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I'm trying to write a script that has to check if a file exists. In the console I write

if [[ -a /path/to/file.txt ]]; then echo "not mod"; else echo "mod"; fi

and I get

not mod

but when I write a script to do the same thing:

#!/bin/sh
if [[ -a /path/to/file.txt ]]; then echo "not mod"; else echo "mod"; fi

and then execute the script, I get this:

./ex.sh: 2: [[: not found
mod

I saved the script on the current directory and named it ex.sh, then I made sure it is executable. To call the script I do this:

./ex.sh

Why am I getting this problem? I already tried many things:

if [ -a /home ...

and

if test -a /home ...

Both of them return

13: -a: unexpected operator
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I was able to make it work, but for that I had to remove the first line (#!/bin/sh) Do you know why this happens? –  Buzu Jan 4 '12 at 6:21
    
try #!/bin/bash –  kev Jan 4 '12 at 6:38
    
hello kev, I relized that too. I just updated my question. I spent too much time on this, but I'm glad I could solve it. Thanks for your answer. It is indeed, the solution to the problem. –  Buzu Jan 4 '12 at 6:43
    
@Kev Please post that as an answer –  slhck Jan 4 '12 at 8:42
    
Buzu, @Kev - if you find an answer, post it as an answer below, do not edit the question. –  grawity Jan 4 '12 at 8:43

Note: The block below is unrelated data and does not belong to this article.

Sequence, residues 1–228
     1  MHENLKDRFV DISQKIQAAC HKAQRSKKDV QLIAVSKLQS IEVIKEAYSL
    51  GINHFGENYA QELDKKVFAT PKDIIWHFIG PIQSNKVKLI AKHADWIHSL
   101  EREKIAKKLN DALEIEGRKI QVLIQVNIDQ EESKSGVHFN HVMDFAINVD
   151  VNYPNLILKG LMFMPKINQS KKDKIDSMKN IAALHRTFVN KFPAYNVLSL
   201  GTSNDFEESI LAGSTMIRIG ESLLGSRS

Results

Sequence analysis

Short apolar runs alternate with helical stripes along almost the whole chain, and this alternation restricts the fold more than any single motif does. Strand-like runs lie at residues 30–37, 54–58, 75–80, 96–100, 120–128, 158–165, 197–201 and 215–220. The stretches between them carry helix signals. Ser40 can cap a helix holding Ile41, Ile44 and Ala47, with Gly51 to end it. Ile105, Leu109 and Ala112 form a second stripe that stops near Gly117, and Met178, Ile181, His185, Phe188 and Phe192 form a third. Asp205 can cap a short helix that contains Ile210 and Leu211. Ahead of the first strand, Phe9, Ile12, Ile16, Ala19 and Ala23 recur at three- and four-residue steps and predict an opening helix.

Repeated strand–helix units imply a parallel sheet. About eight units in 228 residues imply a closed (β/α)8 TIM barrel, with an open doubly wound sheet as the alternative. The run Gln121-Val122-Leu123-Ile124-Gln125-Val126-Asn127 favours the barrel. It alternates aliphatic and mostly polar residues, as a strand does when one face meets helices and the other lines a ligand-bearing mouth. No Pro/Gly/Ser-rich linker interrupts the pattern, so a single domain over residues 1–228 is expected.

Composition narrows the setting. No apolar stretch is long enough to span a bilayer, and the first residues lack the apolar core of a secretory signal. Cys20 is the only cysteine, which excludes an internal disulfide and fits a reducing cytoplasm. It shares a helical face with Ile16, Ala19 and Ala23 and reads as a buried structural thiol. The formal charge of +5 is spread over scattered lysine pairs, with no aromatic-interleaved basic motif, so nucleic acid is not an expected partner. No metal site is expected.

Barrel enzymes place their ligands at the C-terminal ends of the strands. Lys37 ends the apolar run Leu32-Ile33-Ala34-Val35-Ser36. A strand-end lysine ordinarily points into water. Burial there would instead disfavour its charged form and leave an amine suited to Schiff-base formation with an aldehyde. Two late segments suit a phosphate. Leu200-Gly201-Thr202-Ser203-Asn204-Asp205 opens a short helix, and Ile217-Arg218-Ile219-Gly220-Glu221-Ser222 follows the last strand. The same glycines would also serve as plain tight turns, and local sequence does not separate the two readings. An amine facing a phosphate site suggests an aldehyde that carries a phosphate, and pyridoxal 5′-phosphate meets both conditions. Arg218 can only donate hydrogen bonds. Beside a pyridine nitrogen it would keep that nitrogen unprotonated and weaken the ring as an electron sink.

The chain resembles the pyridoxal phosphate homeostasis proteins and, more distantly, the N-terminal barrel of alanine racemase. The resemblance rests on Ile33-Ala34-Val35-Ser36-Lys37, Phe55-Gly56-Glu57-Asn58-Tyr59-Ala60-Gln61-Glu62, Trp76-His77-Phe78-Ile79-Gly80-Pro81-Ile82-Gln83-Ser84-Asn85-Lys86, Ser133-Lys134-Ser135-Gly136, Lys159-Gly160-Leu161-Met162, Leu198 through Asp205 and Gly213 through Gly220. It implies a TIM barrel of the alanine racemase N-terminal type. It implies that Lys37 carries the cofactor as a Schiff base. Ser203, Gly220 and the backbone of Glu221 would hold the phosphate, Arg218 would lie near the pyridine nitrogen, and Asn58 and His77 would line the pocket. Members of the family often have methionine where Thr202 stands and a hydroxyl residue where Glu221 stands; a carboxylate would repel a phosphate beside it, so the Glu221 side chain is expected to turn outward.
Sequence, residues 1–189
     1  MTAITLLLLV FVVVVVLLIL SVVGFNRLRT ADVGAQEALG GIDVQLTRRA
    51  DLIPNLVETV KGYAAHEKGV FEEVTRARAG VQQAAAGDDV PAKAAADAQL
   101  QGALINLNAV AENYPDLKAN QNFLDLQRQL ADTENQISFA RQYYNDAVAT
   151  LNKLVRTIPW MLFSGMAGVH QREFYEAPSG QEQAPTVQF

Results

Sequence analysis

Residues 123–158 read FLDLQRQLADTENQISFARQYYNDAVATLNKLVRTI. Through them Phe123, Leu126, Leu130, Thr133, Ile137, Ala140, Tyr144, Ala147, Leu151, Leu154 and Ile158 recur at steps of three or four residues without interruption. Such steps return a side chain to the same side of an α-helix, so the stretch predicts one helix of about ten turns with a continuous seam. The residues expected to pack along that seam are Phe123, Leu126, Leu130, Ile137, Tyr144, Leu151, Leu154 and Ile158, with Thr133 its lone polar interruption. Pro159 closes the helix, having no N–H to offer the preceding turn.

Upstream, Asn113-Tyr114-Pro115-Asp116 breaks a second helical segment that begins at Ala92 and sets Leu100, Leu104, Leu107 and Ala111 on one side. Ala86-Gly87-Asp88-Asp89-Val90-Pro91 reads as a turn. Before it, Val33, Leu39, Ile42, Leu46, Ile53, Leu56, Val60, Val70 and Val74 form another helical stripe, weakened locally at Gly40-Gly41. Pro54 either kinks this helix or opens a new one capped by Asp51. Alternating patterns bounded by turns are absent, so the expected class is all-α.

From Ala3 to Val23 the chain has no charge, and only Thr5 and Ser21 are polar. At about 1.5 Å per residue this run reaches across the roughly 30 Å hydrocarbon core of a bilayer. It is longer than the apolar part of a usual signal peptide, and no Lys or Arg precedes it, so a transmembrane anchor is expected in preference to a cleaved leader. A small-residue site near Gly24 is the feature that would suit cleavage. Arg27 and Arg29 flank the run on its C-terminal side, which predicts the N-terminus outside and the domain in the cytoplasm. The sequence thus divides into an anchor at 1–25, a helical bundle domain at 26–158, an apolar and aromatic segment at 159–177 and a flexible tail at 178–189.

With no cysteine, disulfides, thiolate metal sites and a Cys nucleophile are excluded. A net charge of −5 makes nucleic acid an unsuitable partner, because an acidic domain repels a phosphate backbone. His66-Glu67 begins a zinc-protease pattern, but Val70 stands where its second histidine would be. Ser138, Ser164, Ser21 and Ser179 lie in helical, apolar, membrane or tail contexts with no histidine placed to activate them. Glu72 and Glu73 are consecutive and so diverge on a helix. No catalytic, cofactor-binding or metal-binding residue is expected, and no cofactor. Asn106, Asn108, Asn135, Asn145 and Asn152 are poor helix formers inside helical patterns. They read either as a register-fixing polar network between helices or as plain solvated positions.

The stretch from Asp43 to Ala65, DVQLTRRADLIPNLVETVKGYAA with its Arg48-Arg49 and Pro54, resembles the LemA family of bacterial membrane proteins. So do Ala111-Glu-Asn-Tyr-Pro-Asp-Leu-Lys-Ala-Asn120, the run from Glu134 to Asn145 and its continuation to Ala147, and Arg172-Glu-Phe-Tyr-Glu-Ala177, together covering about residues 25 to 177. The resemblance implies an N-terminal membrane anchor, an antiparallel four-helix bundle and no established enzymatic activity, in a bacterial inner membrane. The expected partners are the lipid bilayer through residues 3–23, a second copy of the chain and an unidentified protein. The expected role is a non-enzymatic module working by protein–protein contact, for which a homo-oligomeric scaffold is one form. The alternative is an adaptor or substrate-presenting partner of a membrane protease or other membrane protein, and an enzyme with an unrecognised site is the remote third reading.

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1 Answer

You are running a script written for bash under sh, which lacks many of the extended syntax features – [[ is a bash builtin command and is not available in sh.

Change #!/bin/sh to #!/bin/bash or to #!/usr/bin/env bash.

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On some systems, /bin/sh is a symlink to /bin/bash. And it's probably reasonably safe to assume that bash is /bin/bash. –  Keith Thompson Jan 4 '12 at 19:07
    
@Keith: It's /bin/bash on most Linux systems, but /usr/pkg/bin/bash on BSDs, or /usr/local/bin/bash if one compiles directly from source. –  grawity Jan 4 '12 at 19:35
    
@grawity: Or wherever else you decide to put it if you compile from source. Ok, good point. Personally, I'd rather edit the shebang for each system than use the /usr/bin/env hack (which uses whichever bash happens to be in the callers $PATH at the moment), but YMMV. (And you can make /bin/bash a symlink -- if you have admin rights and you don't mind messing with /bin.) –  Keith Thompson Jan 4 '12 at 21:36
    
@Keith: /usr/local is where autotools decides to put it by default. As far as "personally" goes, I like having several different servers and VMs pull from the same scripts/tools repository, and not needing to re-edit the shebangs on half of them after every commit. –  grawity Jan 5 '12 at 2:03
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